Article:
ON THE RECORD with Garth Cartwright and Travis Elborough
It is now seventy years since Columbia records launched their long-playing record in the summer of 1948. This revolutionary innovation ushered in the era of vinyl as the format for the music that would soundtrack so many lives.
First published ten years ago when the iPod ruled supreme and a vinyl revival seemed an unlikely prospect Travis Elborough’s The Long-Player Goodbye was immediately acclaimed as a brilliant piece of popular history that explored how vinyl changed our world.
The book became the basis for the BBC4 documentary When Albums Ruled the World in which he also appeared.
In Going For A Song Garth Cartwright charts the secret history of the UK record shop, from the age of the wax cylinder to the days of dubstep and the resurgence of vinyl and covering the whole colourful story of UK record-buying, from market traders selling music-hall 78s to ravers demanding Detroit techno.
Together Cartwright and Elborough will discuss the artistic highs and mercantile lows of making and selling music and consider the future of records and record retail in an age when even Tesco has a vinyl range.
Garth Cartwright is a New Zealand born, London based journalist, author, DJ and music promoter. Garth contributes to a wide variety of newspapers, magazines, websites and radio programmes including The Financial Times, The Guardian, Record Collector, Jazzwise, The New Statesman and Radio 4's Last Word. His previous books include Princes Amongst Men: Journeys With Gypsy Musicians (2005), More Miles Than Money: Journeys Through American Music (2010) and Miles Davis: The Complete Illustrated History (2012).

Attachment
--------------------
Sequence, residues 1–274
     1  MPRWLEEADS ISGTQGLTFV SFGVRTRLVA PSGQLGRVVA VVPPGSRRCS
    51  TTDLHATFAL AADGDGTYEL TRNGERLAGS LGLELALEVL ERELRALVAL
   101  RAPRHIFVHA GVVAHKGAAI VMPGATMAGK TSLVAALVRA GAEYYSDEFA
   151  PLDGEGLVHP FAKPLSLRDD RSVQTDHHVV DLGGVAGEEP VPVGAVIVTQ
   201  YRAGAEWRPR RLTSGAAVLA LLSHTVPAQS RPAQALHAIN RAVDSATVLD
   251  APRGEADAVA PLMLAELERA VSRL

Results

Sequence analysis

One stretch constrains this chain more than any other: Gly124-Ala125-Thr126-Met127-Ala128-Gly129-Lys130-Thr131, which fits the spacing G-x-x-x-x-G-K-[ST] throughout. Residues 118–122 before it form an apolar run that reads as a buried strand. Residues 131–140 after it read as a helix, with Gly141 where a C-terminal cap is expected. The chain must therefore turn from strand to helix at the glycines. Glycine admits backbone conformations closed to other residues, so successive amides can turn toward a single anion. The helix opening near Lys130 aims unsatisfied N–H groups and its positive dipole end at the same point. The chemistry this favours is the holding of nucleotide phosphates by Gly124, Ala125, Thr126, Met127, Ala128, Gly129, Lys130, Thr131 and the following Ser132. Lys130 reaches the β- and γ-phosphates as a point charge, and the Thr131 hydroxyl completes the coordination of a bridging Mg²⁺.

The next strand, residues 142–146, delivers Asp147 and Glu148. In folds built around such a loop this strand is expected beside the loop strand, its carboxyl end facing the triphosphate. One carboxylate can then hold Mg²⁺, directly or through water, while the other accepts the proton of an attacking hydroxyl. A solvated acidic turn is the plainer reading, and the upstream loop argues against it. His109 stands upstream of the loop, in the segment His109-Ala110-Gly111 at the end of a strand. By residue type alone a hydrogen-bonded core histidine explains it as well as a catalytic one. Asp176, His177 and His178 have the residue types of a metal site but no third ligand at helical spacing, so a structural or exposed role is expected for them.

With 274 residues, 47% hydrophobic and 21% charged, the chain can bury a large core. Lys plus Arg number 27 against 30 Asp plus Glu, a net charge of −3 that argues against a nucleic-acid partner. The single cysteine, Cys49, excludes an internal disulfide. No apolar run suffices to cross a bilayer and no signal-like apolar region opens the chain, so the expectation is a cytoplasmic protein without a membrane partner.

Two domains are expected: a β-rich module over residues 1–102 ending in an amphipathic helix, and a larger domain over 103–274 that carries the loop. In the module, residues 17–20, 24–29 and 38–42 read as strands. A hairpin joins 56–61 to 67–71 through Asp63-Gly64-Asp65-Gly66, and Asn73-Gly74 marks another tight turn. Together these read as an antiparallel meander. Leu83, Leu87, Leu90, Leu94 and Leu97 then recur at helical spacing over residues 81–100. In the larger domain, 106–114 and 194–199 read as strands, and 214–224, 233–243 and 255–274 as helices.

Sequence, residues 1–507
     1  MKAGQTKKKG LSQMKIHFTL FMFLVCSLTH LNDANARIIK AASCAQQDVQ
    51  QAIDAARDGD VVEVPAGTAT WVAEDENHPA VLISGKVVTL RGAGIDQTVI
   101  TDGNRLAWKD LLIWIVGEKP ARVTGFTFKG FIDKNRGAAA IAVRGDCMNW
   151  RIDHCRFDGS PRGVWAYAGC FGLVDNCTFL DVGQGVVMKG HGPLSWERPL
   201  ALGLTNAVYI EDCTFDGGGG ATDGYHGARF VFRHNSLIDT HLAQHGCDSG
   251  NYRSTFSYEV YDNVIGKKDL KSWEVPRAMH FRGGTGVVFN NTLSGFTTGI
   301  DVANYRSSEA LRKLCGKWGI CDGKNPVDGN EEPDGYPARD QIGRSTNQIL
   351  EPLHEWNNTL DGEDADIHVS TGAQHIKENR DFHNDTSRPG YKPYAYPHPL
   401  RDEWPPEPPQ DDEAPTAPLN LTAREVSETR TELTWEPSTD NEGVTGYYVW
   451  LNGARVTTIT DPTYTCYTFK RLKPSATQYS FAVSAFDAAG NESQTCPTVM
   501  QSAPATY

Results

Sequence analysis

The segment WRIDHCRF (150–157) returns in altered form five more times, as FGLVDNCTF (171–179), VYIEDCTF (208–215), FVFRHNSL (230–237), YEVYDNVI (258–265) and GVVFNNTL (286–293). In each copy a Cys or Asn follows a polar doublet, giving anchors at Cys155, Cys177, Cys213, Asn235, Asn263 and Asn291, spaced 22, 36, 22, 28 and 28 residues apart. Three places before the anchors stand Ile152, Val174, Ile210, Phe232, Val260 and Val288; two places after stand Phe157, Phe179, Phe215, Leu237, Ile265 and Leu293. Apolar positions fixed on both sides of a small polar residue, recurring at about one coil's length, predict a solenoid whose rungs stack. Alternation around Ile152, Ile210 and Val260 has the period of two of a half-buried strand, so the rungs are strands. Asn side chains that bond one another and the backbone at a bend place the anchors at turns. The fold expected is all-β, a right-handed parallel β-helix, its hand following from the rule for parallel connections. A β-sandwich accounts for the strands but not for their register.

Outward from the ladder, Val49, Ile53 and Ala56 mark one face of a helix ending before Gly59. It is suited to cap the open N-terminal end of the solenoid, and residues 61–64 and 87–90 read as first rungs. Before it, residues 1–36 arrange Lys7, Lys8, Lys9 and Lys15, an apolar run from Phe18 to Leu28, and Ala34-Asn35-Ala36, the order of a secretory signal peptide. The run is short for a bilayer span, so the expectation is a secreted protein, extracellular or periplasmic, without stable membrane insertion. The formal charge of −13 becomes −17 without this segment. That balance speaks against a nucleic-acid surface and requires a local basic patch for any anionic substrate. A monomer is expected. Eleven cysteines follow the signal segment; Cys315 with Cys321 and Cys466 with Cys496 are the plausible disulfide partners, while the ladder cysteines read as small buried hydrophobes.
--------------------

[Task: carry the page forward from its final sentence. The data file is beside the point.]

Travis Elborough, described by The Guardian as “one of the country’s finest pop culture historians', Travis Elborough has been author, broadcaster and cultural commentator for close to two decade now. His books include Wish You Were Here, a survey of the British beside the seaside and A Walk in the Park, a history of public parks, acclaimed by William Boyd as ‘a fascinating, informative, revelatory book’. His liner notes can be found on the rear sleeve of 2012’s ‘Words and Music by Saint Etienne‘. With Bob Stanley from Saint Etienne, he also co-wrote the script for How We Used to Live, a BFI archive film directed by Paul Kelly, and premiered at the London Film Festival.. Elborough is a regular contributor to the Observer and the Guardian but has written for the Times, Sunday Times, New Statesman, the Oldie, TATE etc., BBC History magazine and Kinfolk among others.
Tickets for this event are £5.00 + booking fee and include a beer or a glass of wine (subject to licence)